As parents are pondering the best path forward for their children and families during this pandemic, a number of pundits have been featured on Canadian news channels urgently stating that children NEED to go to school. One even stated that children need to go to school more than they or their families need to be kept safe from COVID-19. 

Now there are many legitimate arguments one may make for school as well as for going to school, even when there are risks involved, but representing school as an essential developmental need is not one of them. Having spent much of my career training teachers and supporting the school system, I have great concerns over elevating school to the level of a basic human need. This not only puts undue pressure on the school system and the dedicated teachers who are expected to do the impossible, this attitude also undermines parents’ right to make a choice over how their children should be educated. 

It isn’t hard to understand that children need to go to school for the economy to recover or that some children may need to go to school in order for both their parents to go to work. Nor is it hard to understand that some children may need to go to school to give their parents a break, or if coming from troubled homes, to find some safety and stability. The inference, however, in these dogmatic declarations is that children need to go to school for their own good – to learn, to not to be left behind, to socialize with their peers, to develop normally. The urgency in these statements suggests that parents would be doing their children a huge disservice by not getting them back into school as quickly and as completely as possible. 

Do children really NEED to go to school to learn? or to socialize with their peers? or to develop normally? or to become fit for society? Is school the answer for every child? Is school as necessary for the child as it is to today’s society and its economy?

The answer is NO – a resounding NO to all of the above! Before I attempt a brief explanation, let me put this belief in the indispensable role of school into some perspective.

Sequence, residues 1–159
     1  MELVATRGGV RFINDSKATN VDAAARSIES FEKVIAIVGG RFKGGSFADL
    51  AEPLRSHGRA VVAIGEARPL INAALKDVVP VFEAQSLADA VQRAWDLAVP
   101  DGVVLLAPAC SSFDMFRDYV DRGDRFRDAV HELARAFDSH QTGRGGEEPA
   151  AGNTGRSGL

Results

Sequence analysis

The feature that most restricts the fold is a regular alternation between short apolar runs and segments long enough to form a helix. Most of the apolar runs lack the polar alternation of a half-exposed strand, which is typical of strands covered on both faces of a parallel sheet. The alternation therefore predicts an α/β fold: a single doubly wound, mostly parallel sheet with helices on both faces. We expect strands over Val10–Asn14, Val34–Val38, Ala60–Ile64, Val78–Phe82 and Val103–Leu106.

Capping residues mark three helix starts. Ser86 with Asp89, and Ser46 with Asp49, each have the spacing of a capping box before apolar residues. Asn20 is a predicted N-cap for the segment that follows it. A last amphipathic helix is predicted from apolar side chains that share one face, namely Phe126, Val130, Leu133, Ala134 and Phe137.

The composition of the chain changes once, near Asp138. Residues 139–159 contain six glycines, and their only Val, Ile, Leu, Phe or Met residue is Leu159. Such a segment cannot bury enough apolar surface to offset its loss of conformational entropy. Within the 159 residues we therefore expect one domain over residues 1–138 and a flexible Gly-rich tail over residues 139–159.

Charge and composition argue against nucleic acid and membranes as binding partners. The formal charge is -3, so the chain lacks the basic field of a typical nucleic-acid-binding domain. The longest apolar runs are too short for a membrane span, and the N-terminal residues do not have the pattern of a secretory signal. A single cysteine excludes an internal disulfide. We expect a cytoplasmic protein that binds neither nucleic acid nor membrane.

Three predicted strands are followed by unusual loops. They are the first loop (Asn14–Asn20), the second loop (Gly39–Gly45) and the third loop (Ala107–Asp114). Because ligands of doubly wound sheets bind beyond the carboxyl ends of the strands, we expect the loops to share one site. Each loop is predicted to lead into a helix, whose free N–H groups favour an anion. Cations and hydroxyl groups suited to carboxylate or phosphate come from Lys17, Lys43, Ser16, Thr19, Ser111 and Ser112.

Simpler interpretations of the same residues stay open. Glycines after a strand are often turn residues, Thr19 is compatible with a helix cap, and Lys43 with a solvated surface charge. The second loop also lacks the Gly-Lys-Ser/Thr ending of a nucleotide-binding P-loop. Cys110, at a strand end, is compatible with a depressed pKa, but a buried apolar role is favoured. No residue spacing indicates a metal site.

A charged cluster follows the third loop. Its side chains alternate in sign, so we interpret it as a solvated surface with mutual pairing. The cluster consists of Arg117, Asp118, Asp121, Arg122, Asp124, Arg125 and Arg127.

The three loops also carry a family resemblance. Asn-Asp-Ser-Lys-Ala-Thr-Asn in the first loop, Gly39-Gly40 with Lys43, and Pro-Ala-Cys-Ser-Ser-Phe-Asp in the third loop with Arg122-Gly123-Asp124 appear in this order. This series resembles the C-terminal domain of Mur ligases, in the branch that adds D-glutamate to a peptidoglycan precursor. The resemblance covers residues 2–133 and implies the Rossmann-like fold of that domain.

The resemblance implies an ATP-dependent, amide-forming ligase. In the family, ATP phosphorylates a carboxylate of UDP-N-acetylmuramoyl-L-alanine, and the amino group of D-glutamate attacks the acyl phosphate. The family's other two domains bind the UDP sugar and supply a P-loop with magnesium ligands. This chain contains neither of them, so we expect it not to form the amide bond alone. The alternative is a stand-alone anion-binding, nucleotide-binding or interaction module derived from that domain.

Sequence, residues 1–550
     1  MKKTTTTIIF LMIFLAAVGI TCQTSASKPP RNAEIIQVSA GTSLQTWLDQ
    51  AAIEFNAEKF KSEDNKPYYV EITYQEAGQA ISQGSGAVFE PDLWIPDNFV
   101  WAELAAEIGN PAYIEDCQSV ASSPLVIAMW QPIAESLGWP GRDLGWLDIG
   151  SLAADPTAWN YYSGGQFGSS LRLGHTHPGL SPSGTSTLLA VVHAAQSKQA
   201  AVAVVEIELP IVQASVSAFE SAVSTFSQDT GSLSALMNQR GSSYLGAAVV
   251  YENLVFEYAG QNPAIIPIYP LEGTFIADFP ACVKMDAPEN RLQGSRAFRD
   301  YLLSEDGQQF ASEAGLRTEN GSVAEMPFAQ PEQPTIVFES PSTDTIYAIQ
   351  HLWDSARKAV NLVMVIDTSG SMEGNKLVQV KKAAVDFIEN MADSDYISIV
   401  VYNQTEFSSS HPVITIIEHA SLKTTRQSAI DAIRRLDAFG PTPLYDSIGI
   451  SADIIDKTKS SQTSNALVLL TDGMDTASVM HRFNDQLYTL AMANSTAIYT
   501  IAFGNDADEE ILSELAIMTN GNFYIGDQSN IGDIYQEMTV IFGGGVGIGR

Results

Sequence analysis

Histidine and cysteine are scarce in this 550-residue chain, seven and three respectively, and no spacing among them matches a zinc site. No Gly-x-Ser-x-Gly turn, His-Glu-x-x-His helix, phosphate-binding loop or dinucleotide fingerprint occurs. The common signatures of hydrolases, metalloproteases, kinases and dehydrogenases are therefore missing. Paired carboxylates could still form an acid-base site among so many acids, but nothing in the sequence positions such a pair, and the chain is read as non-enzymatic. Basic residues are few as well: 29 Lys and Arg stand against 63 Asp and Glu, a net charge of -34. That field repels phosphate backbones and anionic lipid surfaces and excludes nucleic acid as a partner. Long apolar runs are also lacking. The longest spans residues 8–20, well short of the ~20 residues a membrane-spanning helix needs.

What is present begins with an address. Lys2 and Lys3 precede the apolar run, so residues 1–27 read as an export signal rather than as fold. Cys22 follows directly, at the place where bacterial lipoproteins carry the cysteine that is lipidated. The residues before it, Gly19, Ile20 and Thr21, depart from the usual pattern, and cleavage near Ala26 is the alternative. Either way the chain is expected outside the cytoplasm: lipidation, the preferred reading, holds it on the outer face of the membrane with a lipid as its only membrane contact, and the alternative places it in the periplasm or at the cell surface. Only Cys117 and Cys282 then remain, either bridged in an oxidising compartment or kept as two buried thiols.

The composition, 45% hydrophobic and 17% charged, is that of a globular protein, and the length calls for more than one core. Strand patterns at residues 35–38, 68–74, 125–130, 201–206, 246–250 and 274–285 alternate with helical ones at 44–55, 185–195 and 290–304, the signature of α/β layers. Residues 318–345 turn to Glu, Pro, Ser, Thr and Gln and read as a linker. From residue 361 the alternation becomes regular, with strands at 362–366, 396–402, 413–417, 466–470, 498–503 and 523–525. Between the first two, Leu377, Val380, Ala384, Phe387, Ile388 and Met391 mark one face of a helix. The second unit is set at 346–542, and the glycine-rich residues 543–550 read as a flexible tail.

School has been used for centuries as an instrument of socialization – shoehorning children into mainstream society. Governments that identify strongly with this agenda have made homeschooling illegal – Sweden and Germany among the most notable of these. In fact, in these countries, homeschooling can result in children being apprehended by the state. It shouldn’t be a surprise therefore that Sweden refused to close its schools during the pandemic. There are a number of educational ideologues in Canada that also align themselves with this agenda and hold Sweden and Germany as the models we should be following. It follows that they would think that school should be mandated for every child. In their thinking a child NEEDS to go to school for the government to be able to do its job, including stamping out any diversity that would not fit into the society they represent. This was also the thinking behind Canada’s residential schools for indigenous peoples. 

There are a number of problems with this approach. First, school is no longer as effective in fulfilling its socialization mandate, at least not in today’s society. Germany and Sweden, along with many countries in Europe and also here in North America, are experiencing significant problems integrating their youth into mainstream society. Secondly, the one-size-fits-all or government-knows-best attitudes are rather imperious and colonial in thinking and not suitable for more conscious and socially-sensitive times. Thirdly, I would like to think it is somewhat un-Canadian to mandate school as the required mode of education, at least the more grown-up Canada we would prefer to be. Fourthly, this belief in school as a social and developmental need is not truly informed by the science of how children come to their full potential, including how they best learn and become fit for adult society. Fifthly, it is not consistent with the evidence: homeschooled children have consistently demonstrated better results in both academic learning as well as integration into mainstream society.